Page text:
According to CEO of the Financial Services Council, Sally Loane, the industry paid out approximately $5 billion in claims across trauma, total and permanent disability, income protection and life insurance in 2014, taking the total amount paid out in claims in the past eight years to $27 billion.

“The entire life insurance sector is currently undergoing significant change and reform which is resulting in increasing protection for consumers. Overwhelmingly, the industry plays a positive role in protecting livelihoods of millions of Australians,” she said.

CommInsure Response

In response to the investigation, CommInsure quickly announced that the Board of The Colonial Mutual Life Assurance Society Limited (CommInsure Board) had approved a range of measures to upgrade its product offering and provide further assurances.

The key measures are:

Improving the offering to customers
CommInsure has accelerated the planned upgrade of its heart attack and severe rheumatoid arthritis definitions in its Trauma product. This upgrade will be released in a product disclosure statement by the end of March but coverage will be backdated and apply for all claim events from May 2014 onwards. May 2014 was the date of the last relevant product disclosure statement for the Trauma product. CommInsure has also committed to a more regular review of the life insurance offering to ensure definitions reflect evolving medical standards and practices.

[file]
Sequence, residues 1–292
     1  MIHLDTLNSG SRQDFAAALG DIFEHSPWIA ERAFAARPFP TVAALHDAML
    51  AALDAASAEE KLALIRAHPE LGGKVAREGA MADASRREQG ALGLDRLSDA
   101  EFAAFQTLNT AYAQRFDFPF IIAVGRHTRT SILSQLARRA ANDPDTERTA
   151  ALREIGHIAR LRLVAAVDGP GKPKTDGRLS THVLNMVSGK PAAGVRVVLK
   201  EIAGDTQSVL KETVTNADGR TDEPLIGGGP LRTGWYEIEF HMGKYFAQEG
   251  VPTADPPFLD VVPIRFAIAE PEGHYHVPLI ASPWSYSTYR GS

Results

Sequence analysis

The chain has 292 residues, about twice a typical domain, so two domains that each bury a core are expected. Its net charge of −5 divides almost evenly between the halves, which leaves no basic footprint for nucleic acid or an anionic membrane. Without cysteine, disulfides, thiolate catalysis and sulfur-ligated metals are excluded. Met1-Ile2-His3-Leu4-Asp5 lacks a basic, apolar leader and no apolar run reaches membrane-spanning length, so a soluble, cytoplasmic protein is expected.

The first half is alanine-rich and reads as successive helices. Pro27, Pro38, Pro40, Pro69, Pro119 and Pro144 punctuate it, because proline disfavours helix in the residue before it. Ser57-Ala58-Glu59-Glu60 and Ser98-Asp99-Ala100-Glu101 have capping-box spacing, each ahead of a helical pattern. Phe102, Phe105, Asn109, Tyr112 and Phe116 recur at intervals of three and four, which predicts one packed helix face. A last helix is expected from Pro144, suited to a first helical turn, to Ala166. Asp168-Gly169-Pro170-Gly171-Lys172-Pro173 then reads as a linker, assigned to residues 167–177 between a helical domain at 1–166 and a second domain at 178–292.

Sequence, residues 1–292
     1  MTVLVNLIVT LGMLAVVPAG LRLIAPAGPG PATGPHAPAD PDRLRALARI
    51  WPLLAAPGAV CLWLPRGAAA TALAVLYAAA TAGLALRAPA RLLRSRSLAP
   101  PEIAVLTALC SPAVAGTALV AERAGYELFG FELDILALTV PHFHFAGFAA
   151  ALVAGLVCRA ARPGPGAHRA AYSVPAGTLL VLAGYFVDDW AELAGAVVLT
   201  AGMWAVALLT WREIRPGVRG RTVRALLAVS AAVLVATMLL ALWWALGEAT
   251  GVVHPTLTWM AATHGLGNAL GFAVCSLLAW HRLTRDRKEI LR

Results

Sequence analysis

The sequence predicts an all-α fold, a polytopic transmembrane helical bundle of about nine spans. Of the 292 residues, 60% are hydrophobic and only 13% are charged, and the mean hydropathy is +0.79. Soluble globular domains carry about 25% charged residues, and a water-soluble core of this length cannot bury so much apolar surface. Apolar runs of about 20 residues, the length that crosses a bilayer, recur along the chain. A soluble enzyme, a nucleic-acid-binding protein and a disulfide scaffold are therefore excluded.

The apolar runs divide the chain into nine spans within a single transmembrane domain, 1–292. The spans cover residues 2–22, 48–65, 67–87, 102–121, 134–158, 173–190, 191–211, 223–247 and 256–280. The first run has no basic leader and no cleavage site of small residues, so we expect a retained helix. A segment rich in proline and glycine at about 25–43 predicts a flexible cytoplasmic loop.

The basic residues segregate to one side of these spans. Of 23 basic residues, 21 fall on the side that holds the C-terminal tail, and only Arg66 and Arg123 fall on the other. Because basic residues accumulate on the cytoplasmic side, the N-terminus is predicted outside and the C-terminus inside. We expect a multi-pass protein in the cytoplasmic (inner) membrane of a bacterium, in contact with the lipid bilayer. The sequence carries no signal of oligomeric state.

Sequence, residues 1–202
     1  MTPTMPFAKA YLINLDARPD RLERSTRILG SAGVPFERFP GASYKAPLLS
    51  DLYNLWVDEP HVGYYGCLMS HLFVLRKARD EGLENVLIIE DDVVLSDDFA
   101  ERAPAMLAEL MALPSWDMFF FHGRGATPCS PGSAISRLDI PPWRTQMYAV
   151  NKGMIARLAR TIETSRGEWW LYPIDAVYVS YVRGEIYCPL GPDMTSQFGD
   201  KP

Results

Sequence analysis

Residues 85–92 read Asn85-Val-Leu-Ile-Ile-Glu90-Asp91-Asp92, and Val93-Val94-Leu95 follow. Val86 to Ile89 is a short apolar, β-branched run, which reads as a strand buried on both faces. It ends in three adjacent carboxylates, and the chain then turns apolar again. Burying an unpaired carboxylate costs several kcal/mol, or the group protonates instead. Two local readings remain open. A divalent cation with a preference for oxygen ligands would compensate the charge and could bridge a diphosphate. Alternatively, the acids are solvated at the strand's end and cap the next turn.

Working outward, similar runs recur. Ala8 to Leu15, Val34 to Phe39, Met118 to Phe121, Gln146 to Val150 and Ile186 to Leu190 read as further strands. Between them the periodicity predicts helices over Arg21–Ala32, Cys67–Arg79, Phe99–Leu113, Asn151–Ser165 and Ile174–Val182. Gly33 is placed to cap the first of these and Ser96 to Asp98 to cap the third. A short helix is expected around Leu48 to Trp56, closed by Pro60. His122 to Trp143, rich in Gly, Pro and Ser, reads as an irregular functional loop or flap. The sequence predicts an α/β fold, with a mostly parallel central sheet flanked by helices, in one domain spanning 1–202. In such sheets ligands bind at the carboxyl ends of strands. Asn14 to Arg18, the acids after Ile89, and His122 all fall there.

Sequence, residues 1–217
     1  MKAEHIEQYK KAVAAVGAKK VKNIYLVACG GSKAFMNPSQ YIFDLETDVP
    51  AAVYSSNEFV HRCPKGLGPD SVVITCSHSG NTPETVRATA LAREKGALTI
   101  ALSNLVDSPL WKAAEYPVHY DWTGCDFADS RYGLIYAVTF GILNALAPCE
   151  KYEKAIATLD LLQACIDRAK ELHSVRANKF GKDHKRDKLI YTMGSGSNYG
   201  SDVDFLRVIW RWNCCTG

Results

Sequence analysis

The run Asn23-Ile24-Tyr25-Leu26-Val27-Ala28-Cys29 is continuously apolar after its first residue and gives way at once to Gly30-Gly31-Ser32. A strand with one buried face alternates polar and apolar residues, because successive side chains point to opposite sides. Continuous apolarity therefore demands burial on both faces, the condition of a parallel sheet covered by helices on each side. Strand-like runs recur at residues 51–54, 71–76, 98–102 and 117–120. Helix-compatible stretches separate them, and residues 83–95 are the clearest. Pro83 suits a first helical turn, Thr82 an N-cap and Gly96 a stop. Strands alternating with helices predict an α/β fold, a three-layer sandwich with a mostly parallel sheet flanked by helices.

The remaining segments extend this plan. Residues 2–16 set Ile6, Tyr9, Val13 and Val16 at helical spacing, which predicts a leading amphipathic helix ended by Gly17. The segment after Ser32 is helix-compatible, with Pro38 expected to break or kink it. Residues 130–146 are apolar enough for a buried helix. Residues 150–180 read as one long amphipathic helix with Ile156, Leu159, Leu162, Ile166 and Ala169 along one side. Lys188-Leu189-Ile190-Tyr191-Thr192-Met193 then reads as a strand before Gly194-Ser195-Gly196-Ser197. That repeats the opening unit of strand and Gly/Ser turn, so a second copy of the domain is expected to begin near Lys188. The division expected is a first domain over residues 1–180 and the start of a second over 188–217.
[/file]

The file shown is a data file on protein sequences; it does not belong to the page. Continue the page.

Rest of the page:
Enhancing claims process
CommInsure will introduce an additional layer of independence and assurance to its claim assessment and decision-making processes. Where CommInsure’s claims committee recommends a complex claim be declined, it will be referred to an Independent Review Panel. The Panel will consist of the Managing Director of CommInsure and at least two independent industry experts, who will be announced within the next month. A sub-committee of the CommInsure Board will monitor the outcomes of the Panel.

Reviewing claims and concerns
The CommInsure Board will appoint an independent expert to oversee a claim review program focused on declined claims, with particular emphasis on customer advocacy. The independent expert will also be specifically asked to form a view on whether the circumstances surrounding the review of any particular claim warrants further action from the CommInsure Board.
Ethical concerns that have been aired in recent media reports will be independently investigated.